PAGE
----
Moscow: seeing what's left of constructivist architecture

Rusakov Workers Club by Melnikov
Yesterday (in Moscow's continuing exceptional heat) we saw about as much as still can be seen of the  city's constructivist architecture designed and built in the 1920s and beginning of the '30s. The architects and engineers' aims were to create spaces for the education and expressive development of the workers (with libraries, theaters and sports and recreation areas), announce by their strikingly new design the society's entry into a new communist era, and to do all this quickly and cheaply with available scarce materials. (In addition to the Wikipedia article, see New World Encyclopedia, source of photo at the right.)

As with the constructivist art that I mentioned yesterday (and which in some cases was produced by the same people who designed the most impressive architecture), that creative, open and experimental period did not last. The art was mostly destroyed or hidden with the bureaucratization of the Soviet state and the imposition of "correct" tastes. The architecture was neglected or altered, sometimes drastically, for uses for which it was never intended. But some of it is still standing, and some has even been conscientiously restored. 

It would have been impossible for us to get to so many widely separated sites on our own in one day, or for us to negotiate in Russian with the doorkeepers so we could see the interiors of some of these places. Fortunately, we had hired Arthur Lookyanov to get us to all these places, and Arthur is a very persistent and organized guide — with very good English, an air-conditioned car with GPS, and photographic skill and equipment. Susana had sent him in advance the list of sites, and he had worked out the most efficient itinerary; he was very dogged in trying to get us into places, some of which were in reconstruction or were in top security sectors — a power plant, for example, or the famous Shukov radio tower.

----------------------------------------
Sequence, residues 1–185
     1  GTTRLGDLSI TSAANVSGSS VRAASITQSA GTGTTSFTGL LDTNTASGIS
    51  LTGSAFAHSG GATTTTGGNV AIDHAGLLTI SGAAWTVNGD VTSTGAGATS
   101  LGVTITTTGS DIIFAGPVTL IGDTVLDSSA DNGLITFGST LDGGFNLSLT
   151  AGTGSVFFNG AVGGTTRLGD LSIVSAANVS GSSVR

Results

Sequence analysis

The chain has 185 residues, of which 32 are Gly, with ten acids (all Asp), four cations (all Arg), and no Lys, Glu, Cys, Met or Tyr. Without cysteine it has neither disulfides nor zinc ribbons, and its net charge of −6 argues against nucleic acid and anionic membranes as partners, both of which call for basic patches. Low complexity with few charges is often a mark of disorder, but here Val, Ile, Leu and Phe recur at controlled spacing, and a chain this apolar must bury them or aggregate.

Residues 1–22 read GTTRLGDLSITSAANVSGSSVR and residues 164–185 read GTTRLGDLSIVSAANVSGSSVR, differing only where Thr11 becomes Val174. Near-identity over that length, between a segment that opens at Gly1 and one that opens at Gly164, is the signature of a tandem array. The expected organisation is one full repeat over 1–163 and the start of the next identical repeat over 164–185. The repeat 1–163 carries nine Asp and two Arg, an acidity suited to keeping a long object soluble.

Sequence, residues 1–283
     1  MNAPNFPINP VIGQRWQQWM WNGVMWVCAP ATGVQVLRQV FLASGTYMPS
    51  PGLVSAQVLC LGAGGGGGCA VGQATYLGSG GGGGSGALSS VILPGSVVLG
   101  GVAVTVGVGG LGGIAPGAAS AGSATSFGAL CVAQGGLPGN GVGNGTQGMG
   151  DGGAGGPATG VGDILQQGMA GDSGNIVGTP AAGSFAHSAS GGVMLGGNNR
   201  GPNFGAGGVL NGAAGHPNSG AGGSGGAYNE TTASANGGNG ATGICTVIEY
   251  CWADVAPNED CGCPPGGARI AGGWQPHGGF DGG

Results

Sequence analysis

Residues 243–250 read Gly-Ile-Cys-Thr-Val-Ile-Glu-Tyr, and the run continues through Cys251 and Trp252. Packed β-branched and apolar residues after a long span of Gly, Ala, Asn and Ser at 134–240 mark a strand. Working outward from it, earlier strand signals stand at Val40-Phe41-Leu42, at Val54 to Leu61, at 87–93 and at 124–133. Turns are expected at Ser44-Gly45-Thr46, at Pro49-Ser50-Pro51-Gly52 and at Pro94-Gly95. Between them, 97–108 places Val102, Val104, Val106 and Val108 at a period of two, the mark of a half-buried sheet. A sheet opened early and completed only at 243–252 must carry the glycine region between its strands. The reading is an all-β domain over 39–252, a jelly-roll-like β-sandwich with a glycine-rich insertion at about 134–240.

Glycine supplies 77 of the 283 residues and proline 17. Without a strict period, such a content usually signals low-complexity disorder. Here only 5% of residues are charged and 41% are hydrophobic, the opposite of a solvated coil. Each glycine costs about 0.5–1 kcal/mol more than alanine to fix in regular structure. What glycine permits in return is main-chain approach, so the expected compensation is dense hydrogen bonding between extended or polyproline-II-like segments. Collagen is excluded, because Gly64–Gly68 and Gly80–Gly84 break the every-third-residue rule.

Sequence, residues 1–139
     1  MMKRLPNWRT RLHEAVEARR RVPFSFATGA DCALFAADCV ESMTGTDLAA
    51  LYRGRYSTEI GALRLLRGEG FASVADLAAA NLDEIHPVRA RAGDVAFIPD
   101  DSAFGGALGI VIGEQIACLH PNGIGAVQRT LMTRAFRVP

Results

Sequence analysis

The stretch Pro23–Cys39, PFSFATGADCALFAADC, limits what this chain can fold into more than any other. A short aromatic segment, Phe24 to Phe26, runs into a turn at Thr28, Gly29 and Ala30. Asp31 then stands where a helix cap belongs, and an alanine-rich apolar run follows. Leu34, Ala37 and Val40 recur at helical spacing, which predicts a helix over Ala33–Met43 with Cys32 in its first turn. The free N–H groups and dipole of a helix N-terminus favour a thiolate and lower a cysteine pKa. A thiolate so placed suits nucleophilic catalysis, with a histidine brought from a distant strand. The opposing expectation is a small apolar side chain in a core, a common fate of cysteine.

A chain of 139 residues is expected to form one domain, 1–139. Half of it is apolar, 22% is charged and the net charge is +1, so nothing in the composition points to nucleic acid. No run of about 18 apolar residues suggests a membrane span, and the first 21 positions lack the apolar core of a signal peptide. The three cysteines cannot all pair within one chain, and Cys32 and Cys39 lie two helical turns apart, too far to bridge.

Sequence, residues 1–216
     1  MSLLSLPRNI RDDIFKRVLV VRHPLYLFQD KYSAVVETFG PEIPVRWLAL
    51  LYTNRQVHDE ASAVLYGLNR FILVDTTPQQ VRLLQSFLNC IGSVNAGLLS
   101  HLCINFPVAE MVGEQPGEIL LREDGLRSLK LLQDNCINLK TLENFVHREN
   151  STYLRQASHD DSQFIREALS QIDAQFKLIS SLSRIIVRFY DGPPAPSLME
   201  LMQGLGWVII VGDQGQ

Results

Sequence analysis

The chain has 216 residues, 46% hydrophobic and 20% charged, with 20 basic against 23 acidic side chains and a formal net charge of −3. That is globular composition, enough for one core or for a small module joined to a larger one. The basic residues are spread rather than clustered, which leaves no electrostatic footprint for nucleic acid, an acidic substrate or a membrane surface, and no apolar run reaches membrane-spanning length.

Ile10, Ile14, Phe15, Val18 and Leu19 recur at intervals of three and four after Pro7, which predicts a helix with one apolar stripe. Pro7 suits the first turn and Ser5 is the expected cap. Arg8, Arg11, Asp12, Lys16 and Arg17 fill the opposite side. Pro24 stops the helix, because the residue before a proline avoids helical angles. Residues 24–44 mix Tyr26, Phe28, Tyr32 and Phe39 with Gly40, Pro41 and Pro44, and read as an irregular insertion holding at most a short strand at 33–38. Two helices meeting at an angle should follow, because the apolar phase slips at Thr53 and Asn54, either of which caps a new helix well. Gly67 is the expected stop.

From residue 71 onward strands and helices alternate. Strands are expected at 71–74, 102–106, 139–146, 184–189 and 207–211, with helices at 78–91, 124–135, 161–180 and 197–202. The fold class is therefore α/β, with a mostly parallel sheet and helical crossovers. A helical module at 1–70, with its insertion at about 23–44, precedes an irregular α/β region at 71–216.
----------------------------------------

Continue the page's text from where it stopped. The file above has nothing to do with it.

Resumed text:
He took much better pictures than we would have managed. I'll share them with you once he sends them. If you're planning a tour of Moscow, he would be a good guide: Moscow Driver is his website.

1 comment:

Some Thoughts From A Broad said...

Hi Geoff, We were in St. Petersburg for 3 days in 2011. I loved the architecture there. We stayed in the neighborhood near the Opera House and where Dostoevsky and other famous 19th c writers lived and worked. We stayed with a woman who invited us from our Couchsurfing.org site, and we learned a lot about life in Post-Soviet Russia.

Hope you and Susanna are well. We may be passing through Spain from India next spring when we will travel to the US. Maybe we can meet up!

All the best,

Liz (Iler)